Skyscraper appears in an aspect ratio of approximately 2.40:1 on this Blu-ray Disc. This became a largely strong image.
While most of the movie presented nice clarity, some wider shots looked a bit tentative. Still, the majority of the flick appeared solid, and no signs of moiré effects or jaggies occurred. The movie also lacked edge haloes or print flaws.
In terms of palette, Skyscraper favored a combination of teal and orange. Those choices came as no surprise, and the Blu-ray reproduced them in a satisfactory manner.
Blacks showed strong depth, and shadows were good, with nice opacity and clarity. All of this was enough for a “B+” that lost points solely due to the occasional slightly soft shots.
Downconverted to Dolby TrueHD 7.1, the movie’s Dolby Atmos audio soared. With tons of destruction and mayhem on display, the soundscape offered frequent room for information to emanate from the various speakers.
The mix used those chances well. The soundtrack delivered wall-to-wall auditory material that spread out across the speakers in a satisfying manner and that blended together nicely.
This meant a tremendously active track in which the surrounds worked as nearly equal partners and kept the mix humming. Plenty of action/disaster moments made this a consistently impressive soundfield.
Audio quality also satisfied, as speech was natural and concise, while music sounded peppy and full. Effects turned into the primary factor, and those elements appeared accurate and vivid.
Bass response added real depth and rocked my subwoofer. If you own a fancy-pants home theater, you spent that money for soundtracks like this.
The disc comes with a mix of extras, and we open with an audio commentary from writer/director Rawson Marshall Thurber. He presents a running, screen-specific look at the project’s origins and development, story/characters, influences and inspirations, cast and performances, sets and locations, various effects, stunts and action, editing, music and related domains.
My only complaint here comes from the occasional periods where Thurber goes MIA. However, those lapses don’t pop up often, and Thurber fills the track with a slew of good notes.
Thurber gladly acknowledges the movies that impacted Skyscraper, and he provides a lively, engaging look at his film. Thurber turns this into an informative, likable chat.
We find cut footage via five Deleted Scenes (12:07) and five Extended Scenes (10:17). The deleted shots tend toward unnecessary exposition, except the final one, which offers a joke related to the film’s heavy Die Hard influence.
As for the extended shots, more than 60 percent of the added material comes from the first piece, “Farm House Opening”. It offers a moderately different perspective but doesn’t differ a ton from the actual beginning of the film. The other scenes simply bring minor, forgettable extensions.
We can view the extended/deleted scenes with or without commentary from Thurber. He tells us background about the sequences as well as why he cut them. Thurber delivers a solid array of insights.
A slew of featurettes follow, and these open with Dwayne Johnson: Embodying a Hero. It goes for four minutes, four seconds and offers comments from Thurber, producer Hiram Garcia, and actors Dwayne Johnson, McKenna Roberts, Noah Cottrell and Neve Campbell.
As implied by the reel’s title, “Hero” looks at Johnson’s character and performance. It becomes largely fluffy and without much substance – other than the bizarre notion that the producers wanted Johnson to play a Harrison Ford-style “everyman”. If you want an “everyman” in 2018, you don’t hire someone with the muscle mass of Dwayne Johnson!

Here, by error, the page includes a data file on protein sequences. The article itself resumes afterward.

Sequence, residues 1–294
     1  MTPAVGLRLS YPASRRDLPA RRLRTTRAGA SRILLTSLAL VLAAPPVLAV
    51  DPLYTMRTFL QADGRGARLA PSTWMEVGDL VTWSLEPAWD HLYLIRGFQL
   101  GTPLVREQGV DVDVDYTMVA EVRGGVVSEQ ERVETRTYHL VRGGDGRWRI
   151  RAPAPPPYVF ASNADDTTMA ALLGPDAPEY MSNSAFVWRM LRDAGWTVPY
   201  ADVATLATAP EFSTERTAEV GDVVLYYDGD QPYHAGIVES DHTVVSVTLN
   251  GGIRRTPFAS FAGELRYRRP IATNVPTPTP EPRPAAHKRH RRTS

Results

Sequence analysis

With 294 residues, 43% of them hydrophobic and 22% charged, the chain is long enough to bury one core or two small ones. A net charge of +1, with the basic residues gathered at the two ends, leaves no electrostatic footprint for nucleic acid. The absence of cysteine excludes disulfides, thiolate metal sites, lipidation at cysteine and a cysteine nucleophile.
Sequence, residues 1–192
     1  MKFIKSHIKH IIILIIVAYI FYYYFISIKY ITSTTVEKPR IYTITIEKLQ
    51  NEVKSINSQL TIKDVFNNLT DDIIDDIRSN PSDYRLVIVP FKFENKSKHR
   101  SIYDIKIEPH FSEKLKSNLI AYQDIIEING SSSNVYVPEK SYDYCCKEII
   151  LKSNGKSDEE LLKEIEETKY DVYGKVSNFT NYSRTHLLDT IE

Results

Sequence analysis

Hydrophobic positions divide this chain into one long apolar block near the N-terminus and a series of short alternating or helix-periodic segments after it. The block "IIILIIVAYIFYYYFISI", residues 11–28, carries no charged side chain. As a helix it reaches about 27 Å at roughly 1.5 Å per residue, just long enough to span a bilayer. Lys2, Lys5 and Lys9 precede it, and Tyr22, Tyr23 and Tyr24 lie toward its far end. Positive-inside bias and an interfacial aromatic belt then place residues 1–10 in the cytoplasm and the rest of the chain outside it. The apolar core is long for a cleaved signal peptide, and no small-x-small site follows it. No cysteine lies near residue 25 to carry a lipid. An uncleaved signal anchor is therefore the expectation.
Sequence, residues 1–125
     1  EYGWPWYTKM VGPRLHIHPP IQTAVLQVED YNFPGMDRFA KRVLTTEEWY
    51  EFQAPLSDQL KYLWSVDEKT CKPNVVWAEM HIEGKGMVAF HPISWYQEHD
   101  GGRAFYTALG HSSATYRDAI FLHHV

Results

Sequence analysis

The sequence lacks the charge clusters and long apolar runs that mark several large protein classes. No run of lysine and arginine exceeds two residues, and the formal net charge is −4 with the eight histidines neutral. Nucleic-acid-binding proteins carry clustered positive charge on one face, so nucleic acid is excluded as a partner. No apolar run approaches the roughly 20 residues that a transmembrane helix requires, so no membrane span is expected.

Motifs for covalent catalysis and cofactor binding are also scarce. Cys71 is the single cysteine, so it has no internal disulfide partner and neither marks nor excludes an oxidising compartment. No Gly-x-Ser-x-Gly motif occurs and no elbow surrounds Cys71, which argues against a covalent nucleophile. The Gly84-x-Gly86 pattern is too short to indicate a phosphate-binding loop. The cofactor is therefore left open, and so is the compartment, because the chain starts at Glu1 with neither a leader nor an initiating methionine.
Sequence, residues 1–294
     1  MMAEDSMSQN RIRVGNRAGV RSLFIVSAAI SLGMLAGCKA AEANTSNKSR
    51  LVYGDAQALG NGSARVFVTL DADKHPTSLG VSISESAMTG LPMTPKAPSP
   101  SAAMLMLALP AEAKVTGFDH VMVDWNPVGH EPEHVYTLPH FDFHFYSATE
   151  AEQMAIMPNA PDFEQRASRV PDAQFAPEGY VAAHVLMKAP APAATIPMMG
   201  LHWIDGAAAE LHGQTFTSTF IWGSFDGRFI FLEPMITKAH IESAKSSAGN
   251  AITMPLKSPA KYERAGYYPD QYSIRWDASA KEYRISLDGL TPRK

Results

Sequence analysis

With Inspiration, we get a four-minute, 12-second reel with notes from Thurber, Johnson, Campbell, producer Beau Flynn, and motivational speaker Jeff Glasbrenner. “Inspiration” looks at the decision to make Johnson’s character an amputee and influences used in his performance. It largely feels self-congratulatory.
Next comes the two-minute, 35-second Opposing Forces. It includes remarks from Thurber, Johnson, Campbell, supervising stunt/fight coordinator Allan Poppleton and actor Hannah Quinlivan.
“Forces” discusses the female characters and their action scenes. Like its predecessors, “Forces” brings a few useful nuggets but much of it exists to praise the film and its participants.
Friends No More lasts three minutes, 21 seconds and offers material from Johnson, Thurber, Poppleton, Flynn, 2nd unit director JJ Perry, and actor Pablo Schreiber. It looks at one particular fight sequence and becomes another spotty show.
After this we locate Kids In Action, a two-minute, 40-second clip that features Johnson, Cottrell, Roberts, Garcia, Campbell, Thurber, Flynn and Poppleton. As expected, “Action” covers the movie’s young actors and their performances. Once again, we get a mediocre, puffy piece.
Finally, Pineapple Pitch goes for one minute, 38 seconds and provides statements from Johnson and Thurber. We get a quick chat about how Thurber convinced Johnson to appear in the movie. It’s insubstantial but fairly funny.
The disc opens with ads for Jurassic World: Fallen Kingdom, Mamma Mia! Here We Go Again and Mile 22. No trailer for Skyscraper appears here.
With its mash-up of Die Hard and The Towering Inferno, Skyscraper seems ripe to offer high-flying disaster-oriented thrills. Every once in a while, the movie entertains despite itself, but so much of the film comes across as idiotic and absurd that it only occasionally manages excitement. The Blu-ray offers very good picture and audio along with supplements highlighted by an excellent commentary. Skyscraper offers a mediocre action film.